Opinions expressed by entrepreneur Contributors are their own.
When the pandemic hit, companies felt like they were wading into uncharted waters. Remote working seemed like a new strategy for most, but many companies have been investing in creating the necessary framework and precedent for years. At a time when few were paying attention to decentralized models, dozens of companies were building themselves from the ground up with no physical location, showing us that remote operations were possible. In addition, many great corporate cultures have been preserved.
In the face of lockdowns, sports fans have also had to adapt. New behaviors have been incorporated. The usual huge spectator arenas, crowds of tailgaters and superbowl parties – these fans couldn’t get together to watch the same way and had to adapt. They turned to other avenues that might not have been as popular before and laid the groundwork for new spaces, mostly digital. These might not represent the usual experiences, but fans found ways to continue enjoying the sport and new ideas came through.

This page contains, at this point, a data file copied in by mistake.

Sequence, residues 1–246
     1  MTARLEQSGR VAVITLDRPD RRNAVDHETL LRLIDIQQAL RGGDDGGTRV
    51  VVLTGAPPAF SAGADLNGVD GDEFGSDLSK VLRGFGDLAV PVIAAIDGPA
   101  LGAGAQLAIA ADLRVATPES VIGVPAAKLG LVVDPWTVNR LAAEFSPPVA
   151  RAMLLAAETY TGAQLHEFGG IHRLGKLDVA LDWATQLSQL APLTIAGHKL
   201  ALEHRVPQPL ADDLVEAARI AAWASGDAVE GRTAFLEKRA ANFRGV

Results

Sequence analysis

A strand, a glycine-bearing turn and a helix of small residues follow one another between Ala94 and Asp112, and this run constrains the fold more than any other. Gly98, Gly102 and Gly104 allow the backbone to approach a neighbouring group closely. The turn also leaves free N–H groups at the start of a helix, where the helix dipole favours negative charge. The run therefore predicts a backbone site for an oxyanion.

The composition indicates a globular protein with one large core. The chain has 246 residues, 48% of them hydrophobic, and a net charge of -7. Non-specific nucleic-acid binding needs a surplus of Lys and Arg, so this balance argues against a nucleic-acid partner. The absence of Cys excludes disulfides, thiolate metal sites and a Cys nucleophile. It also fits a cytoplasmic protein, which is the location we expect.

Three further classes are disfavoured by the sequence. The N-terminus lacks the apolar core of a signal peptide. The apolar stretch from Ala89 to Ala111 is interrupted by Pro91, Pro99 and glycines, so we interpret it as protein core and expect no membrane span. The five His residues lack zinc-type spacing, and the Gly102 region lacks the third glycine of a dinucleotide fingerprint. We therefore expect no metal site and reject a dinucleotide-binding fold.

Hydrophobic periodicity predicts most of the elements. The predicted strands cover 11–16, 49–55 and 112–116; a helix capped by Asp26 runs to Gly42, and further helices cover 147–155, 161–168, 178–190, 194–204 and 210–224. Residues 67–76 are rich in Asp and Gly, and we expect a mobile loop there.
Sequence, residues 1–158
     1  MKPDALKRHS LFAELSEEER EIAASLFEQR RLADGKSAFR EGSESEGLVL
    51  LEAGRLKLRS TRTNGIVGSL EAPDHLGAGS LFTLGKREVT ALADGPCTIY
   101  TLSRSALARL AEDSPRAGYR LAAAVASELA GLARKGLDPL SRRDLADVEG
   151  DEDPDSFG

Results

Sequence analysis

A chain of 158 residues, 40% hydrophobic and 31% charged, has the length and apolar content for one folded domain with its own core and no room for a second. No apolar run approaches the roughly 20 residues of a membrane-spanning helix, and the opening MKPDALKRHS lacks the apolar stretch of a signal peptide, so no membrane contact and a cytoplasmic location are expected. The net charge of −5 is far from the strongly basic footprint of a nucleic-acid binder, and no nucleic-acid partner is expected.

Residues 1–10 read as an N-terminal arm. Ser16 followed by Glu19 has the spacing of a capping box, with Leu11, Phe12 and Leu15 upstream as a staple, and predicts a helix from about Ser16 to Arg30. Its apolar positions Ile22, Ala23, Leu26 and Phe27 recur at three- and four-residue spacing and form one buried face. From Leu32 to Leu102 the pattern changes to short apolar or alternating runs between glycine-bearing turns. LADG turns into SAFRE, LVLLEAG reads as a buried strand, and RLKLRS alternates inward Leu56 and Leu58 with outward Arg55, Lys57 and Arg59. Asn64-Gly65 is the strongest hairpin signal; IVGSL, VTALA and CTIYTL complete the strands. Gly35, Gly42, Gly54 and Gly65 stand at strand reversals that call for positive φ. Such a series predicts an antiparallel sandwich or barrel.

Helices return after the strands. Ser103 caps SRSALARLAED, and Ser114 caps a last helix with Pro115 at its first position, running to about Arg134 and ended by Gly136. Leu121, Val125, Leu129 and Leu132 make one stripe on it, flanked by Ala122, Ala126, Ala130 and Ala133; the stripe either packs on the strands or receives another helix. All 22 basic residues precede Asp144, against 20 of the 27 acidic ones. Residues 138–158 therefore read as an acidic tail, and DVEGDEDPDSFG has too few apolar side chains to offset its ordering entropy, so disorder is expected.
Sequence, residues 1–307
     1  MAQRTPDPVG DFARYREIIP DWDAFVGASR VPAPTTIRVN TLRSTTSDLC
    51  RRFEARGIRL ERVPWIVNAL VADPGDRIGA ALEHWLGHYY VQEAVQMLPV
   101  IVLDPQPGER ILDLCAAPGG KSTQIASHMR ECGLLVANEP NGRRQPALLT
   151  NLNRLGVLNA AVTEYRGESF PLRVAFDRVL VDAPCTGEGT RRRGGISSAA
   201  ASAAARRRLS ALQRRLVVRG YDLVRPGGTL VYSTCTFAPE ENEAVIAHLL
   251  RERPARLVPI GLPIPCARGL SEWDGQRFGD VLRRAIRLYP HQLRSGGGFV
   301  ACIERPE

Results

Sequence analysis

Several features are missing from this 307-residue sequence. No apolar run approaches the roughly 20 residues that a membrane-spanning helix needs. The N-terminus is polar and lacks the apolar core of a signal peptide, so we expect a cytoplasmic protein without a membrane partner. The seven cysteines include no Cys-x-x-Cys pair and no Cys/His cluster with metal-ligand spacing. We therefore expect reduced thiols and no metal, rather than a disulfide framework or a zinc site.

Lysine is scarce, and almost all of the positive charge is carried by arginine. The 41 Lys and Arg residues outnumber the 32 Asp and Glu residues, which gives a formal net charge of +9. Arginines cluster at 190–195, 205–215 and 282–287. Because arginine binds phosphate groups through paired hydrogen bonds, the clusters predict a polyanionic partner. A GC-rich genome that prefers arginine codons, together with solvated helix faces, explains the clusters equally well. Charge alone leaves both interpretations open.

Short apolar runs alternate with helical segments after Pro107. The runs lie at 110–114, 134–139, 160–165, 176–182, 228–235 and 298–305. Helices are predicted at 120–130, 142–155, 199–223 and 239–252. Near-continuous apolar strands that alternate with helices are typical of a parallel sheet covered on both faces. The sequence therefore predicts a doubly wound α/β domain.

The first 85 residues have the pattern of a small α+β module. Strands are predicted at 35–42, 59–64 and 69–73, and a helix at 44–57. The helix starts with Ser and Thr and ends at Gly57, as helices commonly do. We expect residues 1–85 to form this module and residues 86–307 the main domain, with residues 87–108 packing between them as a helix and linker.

The same change in behavior played out in the work culture. Businesses that support remote business only thrive because they are responsive to people’s needs. To thrive in a decentralized work environment, listen to your employees instead of trying to mimic your old office environment in this new normal.
needs and wishes
Before the pandemic, people confused these two core business concepts, often casually lumping them together with slang that mixes the two. A person might say, “I to need being in an office,” but that, we found, is mostly a want. Officeless companies have adapted, and at Butchershop Global we have adapted with them many otherNobody discovered that necessary to be in an office at all. And while needs should be satisfied first, desires are also important, and both require constant balance; If needs are widespread enough in a changing environment, they can eventually become needs.